The Athens stock exchange. Bank shares were particularly hard hit on Monday after reopening following the five-week shutdown. Photograph: Yannis Kolesidis/EPA
Greece’s stock market plunged nearly 23% on Monday when it reopened after a five-week shutdown brought on by fears that the country was about to be dumped from the eurozone.
The main Athens stock index fell to in worst ever one-day performance after only a few minutes of trading.
Banking shares, which make up about 20% of the index, were particularly hard hit. National Bank of Greece, the country’s largest commercial bank, was down 30%, the daily volatility limit. The overall banking index was also down to its 30% limit.
The nearest blue-chip futures contract expiring in August traded down 20.5%, adding to losses of 15.2% at the open.
“Most of the selling pressure is seen in bank shares, where there is about €100m [£70m] worth of unexecuted selling orders,” said investment adviser Theodore Mouratidis.
“There may be some more slide in store for [Tuesday] unless buyers emerge later in the session.”
Trading on the Athens exchange was suspended in late June as part of capital controls imposed to stem a debilitating outflow of euros that threatened to collapse Greece’s banks and send the indebted country out of the eurozone.
Since then, Athens has agreed a framework bailout plan with its European Union partners in exchange for stringent reforms and budget austerity. But implementation of the deal is some way off, keeping alive concerns about political and economic stability. There is also concern that the prime minister, Alexis Tsipras, may need to call a snap election.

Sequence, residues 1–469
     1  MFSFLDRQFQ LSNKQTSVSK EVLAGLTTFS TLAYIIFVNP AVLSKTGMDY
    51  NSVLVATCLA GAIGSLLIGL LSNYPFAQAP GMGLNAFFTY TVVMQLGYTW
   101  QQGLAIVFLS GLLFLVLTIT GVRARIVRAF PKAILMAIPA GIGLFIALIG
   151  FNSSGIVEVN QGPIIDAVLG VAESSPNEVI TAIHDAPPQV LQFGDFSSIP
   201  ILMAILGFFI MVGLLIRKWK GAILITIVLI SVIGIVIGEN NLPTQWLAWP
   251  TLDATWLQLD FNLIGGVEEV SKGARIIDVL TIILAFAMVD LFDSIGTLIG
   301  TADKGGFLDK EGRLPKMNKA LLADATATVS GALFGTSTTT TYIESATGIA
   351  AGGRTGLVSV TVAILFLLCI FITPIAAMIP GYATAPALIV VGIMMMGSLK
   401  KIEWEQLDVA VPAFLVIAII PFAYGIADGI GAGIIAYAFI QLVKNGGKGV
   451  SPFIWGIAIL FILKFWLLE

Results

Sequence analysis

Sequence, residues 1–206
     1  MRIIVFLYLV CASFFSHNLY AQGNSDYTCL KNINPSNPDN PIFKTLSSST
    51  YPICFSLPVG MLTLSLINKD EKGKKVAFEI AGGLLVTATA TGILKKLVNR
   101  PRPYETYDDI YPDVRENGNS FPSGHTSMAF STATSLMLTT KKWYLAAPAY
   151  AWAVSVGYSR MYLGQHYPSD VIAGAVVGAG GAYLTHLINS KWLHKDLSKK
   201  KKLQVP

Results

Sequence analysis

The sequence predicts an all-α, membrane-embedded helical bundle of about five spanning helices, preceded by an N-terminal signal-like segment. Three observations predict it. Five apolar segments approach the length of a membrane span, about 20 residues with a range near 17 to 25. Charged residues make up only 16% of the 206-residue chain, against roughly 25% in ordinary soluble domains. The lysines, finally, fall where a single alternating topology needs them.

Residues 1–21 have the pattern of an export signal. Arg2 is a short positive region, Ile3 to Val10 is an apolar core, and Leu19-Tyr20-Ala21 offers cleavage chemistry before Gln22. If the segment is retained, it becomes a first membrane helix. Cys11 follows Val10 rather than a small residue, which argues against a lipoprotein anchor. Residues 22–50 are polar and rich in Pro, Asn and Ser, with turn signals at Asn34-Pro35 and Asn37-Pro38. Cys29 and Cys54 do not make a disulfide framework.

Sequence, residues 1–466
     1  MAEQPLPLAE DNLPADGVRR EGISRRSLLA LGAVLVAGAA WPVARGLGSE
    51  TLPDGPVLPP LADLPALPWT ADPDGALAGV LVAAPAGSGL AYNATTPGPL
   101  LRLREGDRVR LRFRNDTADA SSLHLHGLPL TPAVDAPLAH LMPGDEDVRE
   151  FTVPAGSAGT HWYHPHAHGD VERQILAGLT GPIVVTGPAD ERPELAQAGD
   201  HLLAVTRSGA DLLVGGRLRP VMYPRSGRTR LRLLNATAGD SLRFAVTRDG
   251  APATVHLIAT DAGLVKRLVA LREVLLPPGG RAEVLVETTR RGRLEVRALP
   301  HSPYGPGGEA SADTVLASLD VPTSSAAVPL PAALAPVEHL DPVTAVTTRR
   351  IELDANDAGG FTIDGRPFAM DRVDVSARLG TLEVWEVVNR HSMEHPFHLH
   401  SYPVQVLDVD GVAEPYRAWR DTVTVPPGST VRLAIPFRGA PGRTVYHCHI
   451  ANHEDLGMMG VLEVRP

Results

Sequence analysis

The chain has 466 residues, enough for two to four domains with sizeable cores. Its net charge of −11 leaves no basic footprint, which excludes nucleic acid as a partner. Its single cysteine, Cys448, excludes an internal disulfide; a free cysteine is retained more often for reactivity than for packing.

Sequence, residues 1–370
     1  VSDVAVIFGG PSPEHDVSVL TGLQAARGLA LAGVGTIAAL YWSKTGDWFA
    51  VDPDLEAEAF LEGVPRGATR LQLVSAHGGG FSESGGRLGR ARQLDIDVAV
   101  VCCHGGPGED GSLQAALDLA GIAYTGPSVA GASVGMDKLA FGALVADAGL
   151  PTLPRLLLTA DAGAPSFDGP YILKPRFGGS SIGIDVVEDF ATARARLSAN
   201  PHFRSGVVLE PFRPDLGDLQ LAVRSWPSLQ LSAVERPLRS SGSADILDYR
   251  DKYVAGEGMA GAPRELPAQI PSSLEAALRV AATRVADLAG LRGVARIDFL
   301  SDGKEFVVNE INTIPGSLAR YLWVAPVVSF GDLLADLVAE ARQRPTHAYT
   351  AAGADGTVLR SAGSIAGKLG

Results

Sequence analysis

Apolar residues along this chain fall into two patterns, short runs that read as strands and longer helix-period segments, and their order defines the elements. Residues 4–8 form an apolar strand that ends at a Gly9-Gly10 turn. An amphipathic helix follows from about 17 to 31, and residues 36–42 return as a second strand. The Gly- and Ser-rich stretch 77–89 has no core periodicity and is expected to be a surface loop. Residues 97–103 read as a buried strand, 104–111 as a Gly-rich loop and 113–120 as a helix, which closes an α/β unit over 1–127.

The Athens General Index has fluctuated sharply in a year in which Tsipras’s Syriza-led government has wrangled bitterly with EU, the European Central Bank and International Monetary Fund lenders over a third bailout.
Traders had been expecting losses on Monday for a number of reasons. Negotiations on a new bailout might bog down, for example, leaving the government and banks perilously short of cash.
A report on Sunday in Avgi newspaper, which is close to Syriza, said the government was seeking €24bn in a first tranche of bailout aid from international lenders in August.
Of this, the newspaper said, €10bn was earmarked for an initial recapitalisation of Greek banks, €7.16bn to repay an emergency bridge loan and €3.2bn to repay Greek bonds held by the European Central Bank and others.
The European commission, however, believes an agreement in August is unlikely and that a new bridge loan will be needed.
This all puts Greek bank shares in the spotlight. Recapitalisation, both long- and short-term, waters down the value of existing shares. The banks are also not making profits this year and have lots of bad loans.
Similarly, Greeks themselves are being severely restricted. To limit the possibility of using shares as part of euro-flight, the government and ECB have said no extra money can be withdrawn by Greeks from deposit accounts to buy shares.
A Greek regulatory source also said the government would extend a ban on stock selling when it expires later on Monday.
Greece’s dismal economic prospects may also affect the market. The European commission says the Greek economy will shrink by 2% to 4% this year, a return to the recession that plagued the country for six years until 2014.
On Monday, a survey showed Greek manufacturing activity plunged to a record low as new orders plummeted and the three-week bank shutdown caused serious supply problems.
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